Opinion | Mohamed Morsi Died in a Soundproof Cage

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No notorious prison for him, however. During his various trials, Mr. Mubarak was housed in a cushy military hospital, from where he would be flown to court and theatrically wheeled in on a gurney, his attorney pleading all the while that his client was close to death. Our current military rulers never forgot that Mr. Mubarak — the former head of the Air Force — was one of them. In March 2017, Mr. Mubarak was ultimately released from the military hospital where he had been confined for six years to his home in a Cairo suburb, his only standing conviction on a charge of embezzlement.

Mr. Mubarak was never held accountable for the killing of some 900 people in the 11 days of the uprising, just as Mr. el-Sisi and other senior security personnel are unlikely to ever be held accountable for the massacre, soon after Mr. Morsi’s overthrow, of at least 817 people in just one day, when soldiers and police violently broke up two sit-ins of mostly Muslim Brotherhood supporters, in Cairo on Aug. 14, 2013. To this day, Egypt has not had a reckoning with the massacre, the worst mass killing in a single day in modern Egyptian history. It is as if the powers that turned off Mr. Morsi’s microphone in his soundproof courtroom cage have turned off the national conscience. Egypt’s Western allies, too, are colluding with Mr. el-Sisi in the collective amnesia.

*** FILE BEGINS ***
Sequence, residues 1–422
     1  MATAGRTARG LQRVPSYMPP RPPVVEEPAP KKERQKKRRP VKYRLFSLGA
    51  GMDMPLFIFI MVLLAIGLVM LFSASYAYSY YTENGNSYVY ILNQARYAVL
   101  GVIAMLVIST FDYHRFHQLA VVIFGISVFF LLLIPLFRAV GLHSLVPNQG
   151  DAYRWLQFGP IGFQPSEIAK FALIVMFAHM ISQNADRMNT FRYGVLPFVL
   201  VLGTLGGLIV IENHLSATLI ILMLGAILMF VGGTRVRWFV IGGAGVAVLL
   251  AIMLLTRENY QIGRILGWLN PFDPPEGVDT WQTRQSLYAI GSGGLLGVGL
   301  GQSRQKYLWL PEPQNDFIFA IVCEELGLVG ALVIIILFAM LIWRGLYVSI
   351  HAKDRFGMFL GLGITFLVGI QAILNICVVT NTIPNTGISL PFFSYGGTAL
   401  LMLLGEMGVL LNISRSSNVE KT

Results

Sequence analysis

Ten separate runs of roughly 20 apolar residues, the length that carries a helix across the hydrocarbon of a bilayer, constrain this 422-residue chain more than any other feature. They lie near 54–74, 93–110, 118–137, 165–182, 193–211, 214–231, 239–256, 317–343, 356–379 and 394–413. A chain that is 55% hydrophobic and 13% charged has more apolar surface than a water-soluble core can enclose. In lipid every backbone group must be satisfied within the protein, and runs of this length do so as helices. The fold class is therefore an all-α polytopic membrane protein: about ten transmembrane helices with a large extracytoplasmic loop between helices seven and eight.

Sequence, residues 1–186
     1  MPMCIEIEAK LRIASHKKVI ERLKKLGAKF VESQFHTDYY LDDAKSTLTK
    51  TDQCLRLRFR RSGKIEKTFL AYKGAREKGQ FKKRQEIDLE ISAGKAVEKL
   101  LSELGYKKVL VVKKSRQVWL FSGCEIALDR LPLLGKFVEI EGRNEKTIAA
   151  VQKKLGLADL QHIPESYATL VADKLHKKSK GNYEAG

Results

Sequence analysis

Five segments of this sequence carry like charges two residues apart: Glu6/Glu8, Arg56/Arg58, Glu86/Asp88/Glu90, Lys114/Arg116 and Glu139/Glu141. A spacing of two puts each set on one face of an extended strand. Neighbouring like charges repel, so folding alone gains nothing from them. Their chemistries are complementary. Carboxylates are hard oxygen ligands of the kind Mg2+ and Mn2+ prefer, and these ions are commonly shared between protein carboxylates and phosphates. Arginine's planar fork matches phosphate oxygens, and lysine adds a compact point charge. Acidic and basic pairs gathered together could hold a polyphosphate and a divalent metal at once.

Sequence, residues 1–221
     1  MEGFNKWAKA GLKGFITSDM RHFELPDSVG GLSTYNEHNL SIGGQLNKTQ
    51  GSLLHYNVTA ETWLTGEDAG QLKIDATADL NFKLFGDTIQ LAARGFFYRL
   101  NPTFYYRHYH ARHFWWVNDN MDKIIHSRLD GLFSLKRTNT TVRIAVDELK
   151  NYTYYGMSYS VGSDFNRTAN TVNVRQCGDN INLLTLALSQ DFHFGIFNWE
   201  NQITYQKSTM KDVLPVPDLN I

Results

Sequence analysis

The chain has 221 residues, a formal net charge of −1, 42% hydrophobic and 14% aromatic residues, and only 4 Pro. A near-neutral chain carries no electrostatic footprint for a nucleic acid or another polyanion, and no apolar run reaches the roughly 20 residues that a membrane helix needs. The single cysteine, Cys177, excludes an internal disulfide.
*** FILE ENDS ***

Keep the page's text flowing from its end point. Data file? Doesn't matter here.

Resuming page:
It speaks volumes to the continued cruelty as well as insecurity of the el-Sisi regime that it forced Mr. Morsi’s family to bury him under heavy security at a Cairo cemetery rather than at the family’s cemetery in the province of Sharqiya. If the death sentence against Mr. Morsi in 2015 was overturned because the regime did not want to make a martyr of him, its cruelty has guaranteed that is exactly what he will become.

Decimated as it is, however, the Muslim Brotherhood is unlikely to be able to pull off mass protests in Egypt, where protests became all but impossible under a draconian law passed soon after Mr. el-Sisi came to power. This, too, is what Mr. el-Sisi has achieved: From July 2013, when Mr. Morsi was overthrown, and January 2016, when the Egyptian parliament reconvened, between 16,000 and 41,000 people, most supporters of the now-banned Muslim Brotherhood, were reportedly arrested or detained. (Some were liberal or secular activists.) Since then, a spike in death sentences and executions, extrajudicial killings, forced disappearances and a determined effort to wipe out any form of dissent have all but crushed the Brotherhood, as well as most other forms of opposition. Muslim Brotherhood supporters are insisting that Mr. Morsi be eulogized as a martyr at the same time that many state-owned media are reporting on his death without even mentioning that he was once president.

So if Mr. Morsi’s death is to have an impact, he must, once again, be decentered from the story. If a man collapses and dies in a soundproof cage after six years of deliberate and sustained cruelty, what must we hear? Mr. Morsi’s death sentence was overturned, but what was his death in court yesterday but an effective slow-motion fulfillment of that sentence? Mr. el-Sisi has filled Egyptian jails with 60,000 political prisoners. Those who have not already been sentenced under the sharp spike in death sentences since he came to power are subject to illness, torture, and inefficient or denied medical care. How many of them are being slowly executed?

And when will those responsible ever contend with their cruelty from inside a courtroom cage?

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